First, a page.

OAARSN offers a rich and expanding collection of up-to-date information and communication tools that can put you in touch with others. We can all benefit from the opportunities for mutual support, encouragement and information sharing. We hope that OAARSN's efforts to promote positive approaches and best practices in supporting adults with autism can help all who live and work on the front lines. Click on OAARSN's main page

This bulletin is best read in Mozilla Firefox or Netscape. You may download Mozilla free from www.mozilla.org

See our archive of past OAARSN news bulletins.

Send news, announcements and comments to gbloomfi@uoguelph.ca We welcome news items, announcements of autism events, new information, discussion questions and comments, and accounts of experience.

Please note that this service is for information and awareness. We cannot endorse or be held responsible for the validity of any information or the value of any therapy or service. Nor do we necessarily agree with opinions that may be expressed.


1 July 2005


Includes, in PDF format:
-Information about Gentle Teaching and the July 6 workshop in Guelph.
-Update on ACES
towards an intentional community and centre of excellence for/with adults who live on the autism spectrum
-Note on resources and initatives coming out of the Guelph spring conference, Creative Supports for Vulnerable Adults


$5-million autism research institute unveiled
York University in Toronto is taking the lead in helping children with autism to be more creative and communicate better. One technique, called DIR or "floor time," uses warm, back-and-forth interactions to promote all aspects of a child's development, said Prof. Stuart Shanker. Shanker is working with Dr. Stanley Greenspan, a child psychologist in the U.S. who pioneered the technique of using simple questions, big smiles and a lot of energy, when interacting with students. "If you really want to work with a child, you have to get on to the child's wavelength," said Shanker. "To do that, you have to be a little quiet and let the child tell you, and they will tell you."  Milton and Ethel Harris donated $5 million to establish the research and clinical institute at York, the largest private donation in the university's history.

Ministry of Community and Social Services Announces Plans For Oaklands Regional Centre
Oaklands Regional Centre is about to undergo a transformation that will give it a new mandate and focus in
providing community-based care for people with a developmental disability and other complex medical, psychiatric or behavioural challenges, Minister of Community and Social Services Sandra Pupatello announced today. "We have all learned some lessons from the recent events at Oaklands - lessons that can't change the past but can benefit everyone involved with caring for people with a developmental disability now and into the future," said Pupatello. "It is time for Oaklands to become a part of our transformation of developmental services. It is time for a new Oaklands with a new focus."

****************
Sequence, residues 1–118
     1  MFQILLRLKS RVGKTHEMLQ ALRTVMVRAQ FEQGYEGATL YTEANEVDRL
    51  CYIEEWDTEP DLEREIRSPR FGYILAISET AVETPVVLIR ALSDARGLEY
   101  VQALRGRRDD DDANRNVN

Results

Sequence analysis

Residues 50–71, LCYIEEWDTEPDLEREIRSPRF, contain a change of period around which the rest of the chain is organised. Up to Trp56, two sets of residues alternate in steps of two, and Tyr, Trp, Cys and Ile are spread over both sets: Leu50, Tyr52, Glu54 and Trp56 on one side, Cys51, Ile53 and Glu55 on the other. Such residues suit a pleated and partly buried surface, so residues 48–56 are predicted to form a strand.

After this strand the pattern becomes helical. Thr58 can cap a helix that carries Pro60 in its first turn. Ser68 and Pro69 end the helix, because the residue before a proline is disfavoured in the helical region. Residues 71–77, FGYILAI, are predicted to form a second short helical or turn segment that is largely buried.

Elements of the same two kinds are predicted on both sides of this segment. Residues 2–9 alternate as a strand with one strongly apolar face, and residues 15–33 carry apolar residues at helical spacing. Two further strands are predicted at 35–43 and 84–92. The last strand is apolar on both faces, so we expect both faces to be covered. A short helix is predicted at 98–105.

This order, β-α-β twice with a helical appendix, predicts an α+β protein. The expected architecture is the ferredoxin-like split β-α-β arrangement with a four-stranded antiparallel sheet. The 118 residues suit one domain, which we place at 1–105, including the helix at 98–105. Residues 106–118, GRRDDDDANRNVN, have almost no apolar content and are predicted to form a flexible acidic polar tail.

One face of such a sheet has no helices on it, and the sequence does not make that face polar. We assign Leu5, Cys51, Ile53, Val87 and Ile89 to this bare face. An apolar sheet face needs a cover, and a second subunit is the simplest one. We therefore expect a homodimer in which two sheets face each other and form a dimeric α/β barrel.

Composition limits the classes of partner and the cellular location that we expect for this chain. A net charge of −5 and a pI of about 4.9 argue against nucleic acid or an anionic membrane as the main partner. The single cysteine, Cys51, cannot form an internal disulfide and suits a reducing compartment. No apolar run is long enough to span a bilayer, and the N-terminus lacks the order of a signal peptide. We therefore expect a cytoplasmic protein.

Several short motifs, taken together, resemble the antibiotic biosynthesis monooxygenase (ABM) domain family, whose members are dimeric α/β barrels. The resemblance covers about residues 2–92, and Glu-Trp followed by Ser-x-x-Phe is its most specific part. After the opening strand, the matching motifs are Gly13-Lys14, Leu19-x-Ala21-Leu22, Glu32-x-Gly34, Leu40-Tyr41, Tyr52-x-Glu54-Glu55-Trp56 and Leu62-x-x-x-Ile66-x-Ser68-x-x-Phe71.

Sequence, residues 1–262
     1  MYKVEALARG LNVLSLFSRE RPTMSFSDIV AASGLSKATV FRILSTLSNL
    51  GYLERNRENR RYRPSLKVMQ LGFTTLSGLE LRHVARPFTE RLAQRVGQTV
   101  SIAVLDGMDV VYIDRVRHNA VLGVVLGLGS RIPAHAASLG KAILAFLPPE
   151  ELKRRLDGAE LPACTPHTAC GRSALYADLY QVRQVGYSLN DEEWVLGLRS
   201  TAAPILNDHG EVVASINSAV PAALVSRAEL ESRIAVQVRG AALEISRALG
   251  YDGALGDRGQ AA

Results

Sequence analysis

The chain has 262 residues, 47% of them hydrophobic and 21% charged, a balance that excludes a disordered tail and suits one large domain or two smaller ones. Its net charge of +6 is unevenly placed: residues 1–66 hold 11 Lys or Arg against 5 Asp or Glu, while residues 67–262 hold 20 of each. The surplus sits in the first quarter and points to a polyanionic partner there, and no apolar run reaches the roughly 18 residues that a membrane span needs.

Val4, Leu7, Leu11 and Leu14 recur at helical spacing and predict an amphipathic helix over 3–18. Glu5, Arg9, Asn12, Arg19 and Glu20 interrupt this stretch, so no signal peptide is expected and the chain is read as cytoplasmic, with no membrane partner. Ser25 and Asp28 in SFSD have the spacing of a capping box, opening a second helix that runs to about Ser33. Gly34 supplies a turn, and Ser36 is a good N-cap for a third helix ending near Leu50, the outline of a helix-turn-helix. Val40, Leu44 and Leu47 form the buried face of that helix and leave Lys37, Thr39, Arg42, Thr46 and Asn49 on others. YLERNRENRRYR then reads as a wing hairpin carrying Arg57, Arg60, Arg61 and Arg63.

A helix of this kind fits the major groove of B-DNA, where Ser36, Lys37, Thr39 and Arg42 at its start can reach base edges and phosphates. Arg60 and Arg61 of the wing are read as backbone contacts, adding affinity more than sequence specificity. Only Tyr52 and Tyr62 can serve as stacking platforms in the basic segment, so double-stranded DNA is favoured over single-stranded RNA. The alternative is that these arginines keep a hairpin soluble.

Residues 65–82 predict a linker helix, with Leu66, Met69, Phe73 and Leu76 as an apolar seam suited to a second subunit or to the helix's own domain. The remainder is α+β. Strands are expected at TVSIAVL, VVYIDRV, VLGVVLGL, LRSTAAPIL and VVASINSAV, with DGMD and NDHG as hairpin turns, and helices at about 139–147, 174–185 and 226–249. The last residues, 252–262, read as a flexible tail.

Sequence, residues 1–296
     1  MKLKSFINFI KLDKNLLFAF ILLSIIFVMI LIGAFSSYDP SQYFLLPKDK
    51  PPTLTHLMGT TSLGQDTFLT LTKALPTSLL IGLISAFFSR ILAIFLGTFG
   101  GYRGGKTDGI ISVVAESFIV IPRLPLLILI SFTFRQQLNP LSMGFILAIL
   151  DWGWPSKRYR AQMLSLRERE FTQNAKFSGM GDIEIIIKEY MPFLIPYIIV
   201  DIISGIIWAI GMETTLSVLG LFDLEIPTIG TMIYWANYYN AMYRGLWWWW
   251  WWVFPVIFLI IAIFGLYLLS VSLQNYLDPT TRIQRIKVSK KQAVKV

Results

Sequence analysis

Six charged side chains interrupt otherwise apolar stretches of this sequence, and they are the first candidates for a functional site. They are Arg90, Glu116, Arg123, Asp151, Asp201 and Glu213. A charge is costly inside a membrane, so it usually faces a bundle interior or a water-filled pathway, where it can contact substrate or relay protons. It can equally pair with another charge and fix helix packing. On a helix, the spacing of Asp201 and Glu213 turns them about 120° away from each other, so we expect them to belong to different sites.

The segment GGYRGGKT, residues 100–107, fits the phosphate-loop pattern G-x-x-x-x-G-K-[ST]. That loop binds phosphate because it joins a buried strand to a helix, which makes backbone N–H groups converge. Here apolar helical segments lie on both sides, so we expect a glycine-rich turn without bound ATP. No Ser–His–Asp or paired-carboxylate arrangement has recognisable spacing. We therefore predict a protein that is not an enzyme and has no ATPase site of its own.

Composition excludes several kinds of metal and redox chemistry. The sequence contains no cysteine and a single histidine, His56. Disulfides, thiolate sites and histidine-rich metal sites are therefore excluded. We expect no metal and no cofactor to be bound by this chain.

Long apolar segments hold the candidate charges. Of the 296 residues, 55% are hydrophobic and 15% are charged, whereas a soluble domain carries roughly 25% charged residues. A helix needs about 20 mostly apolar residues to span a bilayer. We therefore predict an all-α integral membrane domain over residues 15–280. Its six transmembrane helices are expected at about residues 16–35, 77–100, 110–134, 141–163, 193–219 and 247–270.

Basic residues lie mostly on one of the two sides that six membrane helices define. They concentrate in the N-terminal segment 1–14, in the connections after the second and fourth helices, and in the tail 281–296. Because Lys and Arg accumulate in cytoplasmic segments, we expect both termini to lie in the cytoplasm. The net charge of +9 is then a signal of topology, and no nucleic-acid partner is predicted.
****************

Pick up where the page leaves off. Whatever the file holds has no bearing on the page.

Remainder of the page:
As part of the transformation plan, Oaklands will have:
- A new mandate: Oaklands will move from focusing on residential services to become a clinical resource centre specializing in care, respite and mobile outreach services for people who have a developmental disability and complex care needs.
- New leadership: James Duncan will assume the position of executive
director in September 2005, bringing 26 years of experience in the fields of developmental services and mental health. Dr. Robert King, a
respected expert in the treatment of developmental disabilities and complex mental health issues, will provide leadership to clinical services.
- A new community focus: Oaklands will expand the membership of its board of directors to include a greater diversity of community expertise. The board will give Oaklands a new name to reflect its commitment to a new mandate.

There is no word in the news release or backgrounder about what will happen to the present 70 residents, a significant number of whom may have autism.

Grieving mom wants answers:
son was abused in group home, then he died a painful death

Story by Michele Mandel in Toronto Sun, June 26, 2005.
”Everyone assured Nympha Dudley that group homes were the best place for her special needs adult son. But they were wrong. He would be abused for months by a worker at his first placement and would die two weeks after his transfer to a new one. David Dudley, just 26, died May 1 after he was finally taken from his group home to hospital for treatment of an incarcerated hernia and severe dehydration.” Not available online